Wild Card Game lineups: Orioles vs. Rangers

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Here are the Orioles’ and Rangers’ lineups for the Wild Card playoff game:

   BALTIMORE ORIOLES         TEXAS RANGERS
1. Nate McLouth, LF       1. Ian Kinsler, 2B
2. J.J. Hardy, SS         2. Elvis Andrus, SS
3. Chris Davis, RF        3. Josh Hamilton, LF
4. Adam Jones, CF         4. Adrian Beltre, 3B
5. Matt Wieters, C        5. Nelson Cruz, RF
6. Jim Thome, DH          6. Michael Young, 1B
7. Mark Reynolds, 1B      7. Mike Napoli, DH
8. Ryan Flaherty, 2B      8. Geovany Soto, C
9. Manny Machado, 3B      9. Craig Gentry, CF

SP Joe Saunders, LH       SP Yu Darvish, RH

Buck Showalter is going with what has become his standard lineup versus right-handed pitching following injuries to Nick Markakis and Wilson Betemit. Jim Thome gets the start at designated hitter and will be playing in his 68th career playoff game at age 41. Of the nine players starting for the Orioles tonight only Matt Wieters, Adam Jones, and J.J. Hardy were in the Opening Day lineup at the same position (Chris Davis and Mark Reynolds also played the opener, but at different spots than tonight).

Ron Washington stacked the Rangers’ lineup with right-handed bats against left-hander Joe Saunders. David Murphy played regularly against lefties during the season, but he’s benched tonight in favor of Craig Gentry, which also shifts Josh Hamilton from center field to left field. Lefty-hitting Mitch Moreland is also out of the lineup, with Michael Young taking over for him at first base and Mike Napoli sliding into Young’s usual designated hitter spot. Geovany Soto, who was acquired from the Cubs to be Napoli’s backup, will catch Yu Darvish’s playoff debut.

Feel free to chat during the game in the comments section.

Dallas Keuchel is unlikely to return before the All-Star break

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Astros’ left-hander Dallas Keuchel might not return to the rotation before the All-Star break, Houston manager A.J. Hinch told reporters prior to Sunday’s game. The club placed their star southpaw on the 10-day disabled list on June 8, retroactive to June 5, after a nerve issue was revealed in his neck.

Keuchel has taken a conservative approach to his recovery over the last several weeks, and while he appears to have made some progress, still has yet to throw off the mound. The injury interrupted the start of an outstanding run with the Astros, during which the 29-year-old lefty furnished a 9-0 record with a 1.67 ERA, 2.1 BB/9 and 8.2 SO/9 through his first 75 2/3 innings of 2017.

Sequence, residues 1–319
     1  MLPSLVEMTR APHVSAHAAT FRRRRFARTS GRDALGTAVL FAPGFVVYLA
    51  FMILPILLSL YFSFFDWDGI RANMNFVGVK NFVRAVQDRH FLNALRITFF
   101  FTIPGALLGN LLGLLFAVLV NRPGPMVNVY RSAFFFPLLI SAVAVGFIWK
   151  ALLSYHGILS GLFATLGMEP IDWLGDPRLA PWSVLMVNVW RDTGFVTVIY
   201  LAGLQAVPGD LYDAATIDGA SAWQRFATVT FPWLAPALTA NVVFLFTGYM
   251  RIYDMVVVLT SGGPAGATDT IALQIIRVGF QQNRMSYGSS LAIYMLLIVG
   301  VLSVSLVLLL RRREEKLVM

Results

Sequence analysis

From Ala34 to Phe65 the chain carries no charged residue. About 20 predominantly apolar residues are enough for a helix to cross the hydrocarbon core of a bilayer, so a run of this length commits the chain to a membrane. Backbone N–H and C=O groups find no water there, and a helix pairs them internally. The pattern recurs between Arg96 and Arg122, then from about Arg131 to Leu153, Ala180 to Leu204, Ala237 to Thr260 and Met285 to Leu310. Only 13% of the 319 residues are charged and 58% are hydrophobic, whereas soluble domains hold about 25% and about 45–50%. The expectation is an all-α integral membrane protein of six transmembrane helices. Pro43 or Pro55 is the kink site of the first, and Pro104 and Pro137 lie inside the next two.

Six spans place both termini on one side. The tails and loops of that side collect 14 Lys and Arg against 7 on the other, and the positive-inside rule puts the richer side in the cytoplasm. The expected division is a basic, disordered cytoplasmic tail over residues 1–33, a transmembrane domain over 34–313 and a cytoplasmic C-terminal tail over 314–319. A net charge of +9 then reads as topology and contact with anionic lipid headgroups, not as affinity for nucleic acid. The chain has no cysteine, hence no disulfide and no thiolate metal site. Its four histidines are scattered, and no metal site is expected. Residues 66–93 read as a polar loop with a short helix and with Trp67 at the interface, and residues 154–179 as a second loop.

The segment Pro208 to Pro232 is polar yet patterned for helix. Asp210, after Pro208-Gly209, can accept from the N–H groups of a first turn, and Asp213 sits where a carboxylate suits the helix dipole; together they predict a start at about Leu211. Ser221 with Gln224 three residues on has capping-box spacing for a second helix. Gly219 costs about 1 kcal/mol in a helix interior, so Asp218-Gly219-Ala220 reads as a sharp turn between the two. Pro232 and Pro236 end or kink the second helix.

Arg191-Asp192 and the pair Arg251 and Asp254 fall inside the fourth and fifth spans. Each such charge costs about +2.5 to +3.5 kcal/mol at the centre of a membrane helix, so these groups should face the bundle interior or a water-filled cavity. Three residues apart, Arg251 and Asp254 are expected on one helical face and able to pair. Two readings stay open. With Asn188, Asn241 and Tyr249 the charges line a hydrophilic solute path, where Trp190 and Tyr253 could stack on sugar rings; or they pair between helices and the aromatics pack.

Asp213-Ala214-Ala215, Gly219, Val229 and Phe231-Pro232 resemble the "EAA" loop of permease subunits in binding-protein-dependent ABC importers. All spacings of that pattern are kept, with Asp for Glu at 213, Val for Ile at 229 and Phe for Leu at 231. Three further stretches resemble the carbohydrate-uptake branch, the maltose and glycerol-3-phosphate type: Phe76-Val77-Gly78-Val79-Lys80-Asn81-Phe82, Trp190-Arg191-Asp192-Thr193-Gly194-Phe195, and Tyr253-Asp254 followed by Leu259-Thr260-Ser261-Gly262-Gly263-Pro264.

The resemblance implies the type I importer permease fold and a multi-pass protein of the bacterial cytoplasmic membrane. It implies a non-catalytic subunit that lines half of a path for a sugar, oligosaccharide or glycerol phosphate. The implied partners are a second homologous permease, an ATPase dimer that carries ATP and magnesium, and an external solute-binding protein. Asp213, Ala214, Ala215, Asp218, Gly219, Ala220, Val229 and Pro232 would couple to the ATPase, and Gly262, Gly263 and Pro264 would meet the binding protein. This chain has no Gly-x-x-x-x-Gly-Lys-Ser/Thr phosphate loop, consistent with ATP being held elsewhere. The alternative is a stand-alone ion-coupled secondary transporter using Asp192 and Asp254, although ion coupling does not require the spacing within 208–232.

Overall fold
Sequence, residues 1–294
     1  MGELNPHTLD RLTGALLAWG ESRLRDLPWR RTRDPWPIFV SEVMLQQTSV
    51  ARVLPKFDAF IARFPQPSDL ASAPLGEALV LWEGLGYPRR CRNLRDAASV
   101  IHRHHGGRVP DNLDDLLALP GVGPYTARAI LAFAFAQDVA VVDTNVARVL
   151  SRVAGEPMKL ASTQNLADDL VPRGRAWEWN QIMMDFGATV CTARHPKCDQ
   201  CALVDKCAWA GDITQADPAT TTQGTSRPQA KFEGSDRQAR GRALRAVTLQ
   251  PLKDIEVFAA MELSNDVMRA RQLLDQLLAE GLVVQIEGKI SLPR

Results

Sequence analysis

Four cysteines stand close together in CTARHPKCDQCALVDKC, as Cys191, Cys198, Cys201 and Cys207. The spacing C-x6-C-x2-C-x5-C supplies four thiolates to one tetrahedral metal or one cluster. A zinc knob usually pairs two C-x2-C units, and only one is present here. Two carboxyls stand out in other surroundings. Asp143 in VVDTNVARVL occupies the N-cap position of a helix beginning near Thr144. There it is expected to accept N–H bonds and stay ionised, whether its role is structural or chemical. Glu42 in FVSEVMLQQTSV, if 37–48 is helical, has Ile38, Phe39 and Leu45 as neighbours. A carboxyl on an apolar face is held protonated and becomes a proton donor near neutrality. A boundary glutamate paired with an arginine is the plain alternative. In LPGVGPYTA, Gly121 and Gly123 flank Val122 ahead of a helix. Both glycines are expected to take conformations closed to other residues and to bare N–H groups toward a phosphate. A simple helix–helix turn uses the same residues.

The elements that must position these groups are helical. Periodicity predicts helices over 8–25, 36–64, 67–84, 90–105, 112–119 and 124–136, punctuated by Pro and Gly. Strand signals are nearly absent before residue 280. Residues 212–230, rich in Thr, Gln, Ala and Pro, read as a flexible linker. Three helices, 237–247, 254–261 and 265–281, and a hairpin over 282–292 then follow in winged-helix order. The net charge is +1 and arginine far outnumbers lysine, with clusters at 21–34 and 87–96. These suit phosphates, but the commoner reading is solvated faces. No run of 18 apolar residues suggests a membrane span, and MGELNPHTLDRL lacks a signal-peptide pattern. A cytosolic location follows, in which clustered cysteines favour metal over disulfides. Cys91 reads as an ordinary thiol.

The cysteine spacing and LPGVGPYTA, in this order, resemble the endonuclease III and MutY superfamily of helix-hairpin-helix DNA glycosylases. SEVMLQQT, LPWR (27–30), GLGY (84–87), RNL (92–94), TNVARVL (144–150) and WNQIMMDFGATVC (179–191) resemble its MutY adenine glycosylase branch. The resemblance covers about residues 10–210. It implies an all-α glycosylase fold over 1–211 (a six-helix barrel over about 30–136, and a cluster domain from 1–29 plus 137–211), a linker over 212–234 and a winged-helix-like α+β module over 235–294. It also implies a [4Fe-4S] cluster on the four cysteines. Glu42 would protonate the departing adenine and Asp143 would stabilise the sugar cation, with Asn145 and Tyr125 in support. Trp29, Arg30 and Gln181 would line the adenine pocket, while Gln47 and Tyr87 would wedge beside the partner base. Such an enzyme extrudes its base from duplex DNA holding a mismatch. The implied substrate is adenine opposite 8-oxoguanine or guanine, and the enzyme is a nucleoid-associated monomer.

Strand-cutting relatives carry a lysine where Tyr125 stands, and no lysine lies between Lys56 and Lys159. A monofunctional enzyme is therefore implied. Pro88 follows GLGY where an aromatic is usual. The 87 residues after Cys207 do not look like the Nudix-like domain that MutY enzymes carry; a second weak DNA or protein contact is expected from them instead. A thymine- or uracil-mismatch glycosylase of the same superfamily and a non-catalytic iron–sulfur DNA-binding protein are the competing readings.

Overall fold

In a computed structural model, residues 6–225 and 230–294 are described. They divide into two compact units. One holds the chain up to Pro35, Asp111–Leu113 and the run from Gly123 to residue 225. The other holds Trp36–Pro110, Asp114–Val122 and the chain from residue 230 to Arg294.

According to Hinch, it’s certainly possible that Keuchel could return to the team sometime within the next two weeks, but it’s clear that the team would prefer to play it extra safe with their ace. Even assuming that he feels ready to reclaim his spot on the Astros’ pitching staff, he still needs to complete a few key activities before competing in another game — like throwing off a mound, for example. In the meantime, Lance McCullers Jr. will continue to head Houston’s rotation as they try to build on their 12.5-game lead in the AL West.

 

Hinch’s full comments are below:

The Mets are promoting Tim Tebow to Single-A St. Lucie

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Mets GM Sandy Alderson told the media on Sunday that the organization is promoting outfielder Tim Tebow from Single-A Columbia to advanced Single-A St. Lucie, MLB.com’s Anthony DiComo reports.

Tebow, 29, wasn’t hitting particularly well to merit the promotion. Across 241 plate appearances with Columbia, he hit .222/.311/.340 with three home runs and 22 RBI. He had just seven extra-base hits (all doubles) in his most recent 20 games. Alderson, however, defended the decision by citing Tebow’s exit velocity and other metrics.

I think we can all agree that the real reason is that promoting Tebow creates another opportunity for the Mets to sell merchandise with his name on it.

One has to feel for the outfielder Tebow will displace. St. Lucie’s regular outfielders have comparable stats to Tebow’s, so they aren’t exactly being replaced on merit. That outfielder will see less playing time, hurting his future prospects. Adding Tebow to St. Lucie’s roster will push someone off of the roster, which will also harm that player’s future prospects. And, remember, these players don’t make much money to begin with.